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Pope arrives to a region shaken by faith-fueled turmoil.
Roman Catholic leader Pope Benedict XVI today denounced arms provisions to Syria as he arrived in Lebanon for a visit to a region rocked by protest over a US-made video critical of Islam, according to the Associated Press.
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The Pope told reporters as he landed in Beirut that those providing weapons to Syria, where armed rebels and government forces have been locked in an 18-battle for control, commit a "grave sin," reported AP.
Lebanon is home to the region's largest Christian population, said AP, but the Papal visit comes as Coptic Christians express growing fears of retaliatory attacks after it was revealed that a Coptic Christian is behind the incendiary anti-Islam film that has stirred widespread anger in the region. Protests over the film were held in a number of countries in the region today.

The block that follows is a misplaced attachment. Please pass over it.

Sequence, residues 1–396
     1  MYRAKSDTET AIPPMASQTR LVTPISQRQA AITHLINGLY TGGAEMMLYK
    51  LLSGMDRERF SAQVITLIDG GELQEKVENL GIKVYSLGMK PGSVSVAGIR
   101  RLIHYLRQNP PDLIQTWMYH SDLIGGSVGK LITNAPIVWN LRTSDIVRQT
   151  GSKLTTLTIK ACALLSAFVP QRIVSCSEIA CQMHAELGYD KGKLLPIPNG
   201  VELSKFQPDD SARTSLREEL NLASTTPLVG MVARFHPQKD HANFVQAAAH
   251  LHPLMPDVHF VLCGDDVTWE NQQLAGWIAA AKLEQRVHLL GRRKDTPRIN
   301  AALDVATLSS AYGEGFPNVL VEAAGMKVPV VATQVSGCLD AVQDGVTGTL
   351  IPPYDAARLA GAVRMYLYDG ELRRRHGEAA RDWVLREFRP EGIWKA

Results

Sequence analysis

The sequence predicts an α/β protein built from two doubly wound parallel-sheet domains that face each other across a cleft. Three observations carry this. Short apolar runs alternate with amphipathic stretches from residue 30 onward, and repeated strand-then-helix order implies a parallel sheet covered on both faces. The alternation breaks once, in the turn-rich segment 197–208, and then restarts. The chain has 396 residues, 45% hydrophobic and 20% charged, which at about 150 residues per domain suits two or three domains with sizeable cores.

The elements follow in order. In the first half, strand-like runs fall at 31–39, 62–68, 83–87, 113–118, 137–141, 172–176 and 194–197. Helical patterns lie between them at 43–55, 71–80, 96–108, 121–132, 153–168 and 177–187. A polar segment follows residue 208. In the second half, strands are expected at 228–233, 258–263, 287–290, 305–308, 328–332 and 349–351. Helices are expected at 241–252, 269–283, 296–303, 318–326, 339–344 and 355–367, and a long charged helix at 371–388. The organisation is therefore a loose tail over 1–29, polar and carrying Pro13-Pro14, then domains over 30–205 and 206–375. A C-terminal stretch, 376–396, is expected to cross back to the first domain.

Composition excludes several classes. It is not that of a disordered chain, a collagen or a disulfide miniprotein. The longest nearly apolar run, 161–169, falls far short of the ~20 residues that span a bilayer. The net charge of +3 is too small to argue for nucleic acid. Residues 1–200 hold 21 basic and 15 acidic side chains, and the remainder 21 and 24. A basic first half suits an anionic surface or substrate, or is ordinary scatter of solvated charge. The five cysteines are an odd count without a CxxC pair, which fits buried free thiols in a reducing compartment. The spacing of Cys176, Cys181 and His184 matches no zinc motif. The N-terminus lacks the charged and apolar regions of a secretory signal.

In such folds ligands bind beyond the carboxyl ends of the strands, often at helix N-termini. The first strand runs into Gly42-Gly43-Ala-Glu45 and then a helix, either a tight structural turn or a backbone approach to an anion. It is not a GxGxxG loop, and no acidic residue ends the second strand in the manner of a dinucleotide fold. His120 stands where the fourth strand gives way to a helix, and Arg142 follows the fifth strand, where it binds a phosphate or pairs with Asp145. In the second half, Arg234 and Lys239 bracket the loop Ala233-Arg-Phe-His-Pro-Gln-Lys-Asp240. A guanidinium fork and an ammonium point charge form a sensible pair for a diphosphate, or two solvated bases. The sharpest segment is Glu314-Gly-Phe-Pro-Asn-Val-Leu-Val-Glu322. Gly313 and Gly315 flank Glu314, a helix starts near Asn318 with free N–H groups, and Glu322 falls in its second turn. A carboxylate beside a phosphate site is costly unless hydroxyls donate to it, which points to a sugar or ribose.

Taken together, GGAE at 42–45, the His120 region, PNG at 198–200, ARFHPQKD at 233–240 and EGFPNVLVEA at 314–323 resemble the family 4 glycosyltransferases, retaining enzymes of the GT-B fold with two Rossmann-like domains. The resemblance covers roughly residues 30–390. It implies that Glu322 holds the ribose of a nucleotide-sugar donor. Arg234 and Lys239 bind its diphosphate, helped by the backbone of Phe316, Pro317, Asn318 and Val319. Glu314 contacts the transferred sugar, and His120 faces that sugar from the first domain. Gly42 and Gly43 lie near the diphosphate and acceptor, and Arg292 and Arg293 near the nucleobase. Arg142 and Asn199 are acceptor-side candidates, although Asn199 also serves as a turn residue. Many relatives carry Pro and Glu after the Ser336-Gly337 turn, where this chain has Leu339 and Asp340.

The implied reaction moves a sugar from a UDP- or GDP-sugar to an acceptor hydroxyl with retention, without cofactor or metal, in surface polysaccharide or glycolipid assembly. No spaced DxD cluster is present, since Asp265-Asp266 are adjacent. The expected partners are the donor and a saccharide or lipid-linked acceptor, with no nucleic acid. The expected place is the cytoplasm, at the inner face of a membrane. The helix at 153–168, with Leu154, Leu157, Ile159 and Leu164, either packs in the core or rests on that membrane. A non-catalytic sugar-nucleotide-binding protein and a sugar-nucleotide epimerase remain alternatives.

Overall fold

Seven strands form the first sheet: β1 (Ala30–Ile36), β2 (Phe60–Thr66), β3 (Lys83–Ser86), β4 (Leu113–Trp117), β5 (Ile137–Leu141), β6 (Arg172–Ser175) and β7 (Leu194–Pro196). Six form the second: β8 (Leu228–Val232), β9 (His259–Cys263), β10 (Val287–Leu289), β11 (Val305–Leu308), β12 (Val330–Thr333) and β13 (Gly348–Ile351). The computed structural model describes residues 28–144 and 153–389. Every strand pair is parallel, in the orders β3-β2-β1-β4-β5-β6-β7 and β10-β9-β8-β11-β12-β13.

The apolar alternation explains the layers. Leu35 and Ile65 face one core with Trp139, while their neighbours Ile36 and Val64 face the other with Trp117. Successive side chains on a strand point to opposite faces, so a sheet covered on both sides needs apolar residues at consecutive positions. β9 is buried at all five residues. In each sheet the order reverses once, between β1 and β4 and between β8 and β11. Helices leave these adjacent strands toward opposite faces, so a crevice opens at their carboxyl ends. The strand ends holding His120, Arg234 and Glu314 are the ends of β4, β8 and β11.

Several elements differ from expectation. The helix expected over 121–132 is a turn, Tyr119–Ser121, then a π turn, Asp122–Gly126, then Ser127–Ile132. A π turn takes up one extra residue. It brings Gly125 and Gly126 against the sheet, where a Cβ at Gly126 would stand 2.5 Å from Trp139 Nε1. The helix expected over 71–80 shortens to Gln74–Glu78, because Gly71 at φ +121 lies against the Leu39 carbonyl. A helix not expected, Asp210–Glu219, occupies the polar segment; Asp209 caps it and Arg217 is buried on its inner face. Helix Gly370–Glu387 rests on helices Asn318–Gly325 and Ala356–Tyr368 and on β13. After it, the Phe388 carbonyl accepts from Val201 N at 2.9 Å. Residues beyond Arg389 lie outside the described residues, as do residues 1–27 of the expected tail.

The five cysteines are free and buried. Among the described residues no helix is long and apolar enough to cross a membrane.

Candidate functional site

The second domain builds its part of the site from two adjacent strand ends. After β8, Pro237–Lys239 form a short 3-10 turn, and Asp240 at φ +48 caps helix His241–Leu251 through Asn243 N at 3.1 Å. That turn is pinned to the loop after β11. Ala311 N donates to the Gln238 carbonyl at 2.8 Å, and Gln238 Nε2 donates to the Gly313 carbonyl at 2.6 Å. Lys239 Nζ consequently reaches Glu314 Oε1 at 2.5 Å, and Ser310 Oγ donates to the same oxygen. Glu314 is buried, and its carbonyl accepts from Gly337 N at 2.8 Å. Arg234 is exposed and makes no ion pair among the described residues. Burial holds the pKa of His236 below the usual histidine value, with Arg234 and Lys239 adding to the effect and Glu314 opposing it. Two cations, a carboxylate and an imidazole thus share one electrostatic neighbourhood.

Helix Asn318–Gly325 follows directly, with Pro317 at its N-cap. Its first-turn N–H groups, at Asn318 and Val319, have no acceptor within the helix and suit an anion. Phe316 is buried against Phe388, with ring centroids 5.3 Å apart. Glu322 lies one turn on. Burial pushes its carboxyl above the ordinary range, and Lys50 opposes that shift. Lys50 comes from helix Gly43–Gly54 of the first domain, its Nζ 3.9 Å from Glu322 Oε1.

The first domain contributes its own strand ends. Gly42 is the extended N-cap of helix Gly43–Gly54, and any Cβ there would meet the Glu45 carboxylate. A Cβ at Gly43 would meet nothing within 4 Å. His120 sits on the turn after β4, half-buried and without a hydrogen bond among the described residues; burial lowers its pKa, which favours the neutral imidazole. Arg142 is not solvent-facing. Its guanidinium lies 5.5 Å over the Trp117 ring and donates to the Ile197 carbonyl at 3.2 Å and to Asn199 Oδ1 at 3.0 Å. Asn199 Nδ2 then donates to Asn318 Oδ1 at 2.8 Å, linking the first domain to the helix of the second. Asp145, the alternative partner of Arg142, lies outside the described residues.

Coptic Christians are therefore expected to follow the major Catholic leader's three-day visit in the region closely. Their community is part of the Roman Catholic Church as an independent rite, and the group on Thursday announced they will elect a new pope in December.
Benedict's message of peace comes amid ongoing violence in neighboring Syria that is believed supported by weapons provided by everyone from Al Qaeda (to the rebels, according to the US) to Iran-backed Hezbollah group (to the regime, again according to the US). Syrian activists say the violence there has killed a total of 25,000 people.
Hezbollah welcomed the Pontiff's arrival today by way of a huge French and Arabic banner that read: "Hezbollah welcomes the pope in the homeland of coexistence," according to Reuters.
Lebanese authorities heightened security measures ahead of the Pope's visit, said AP.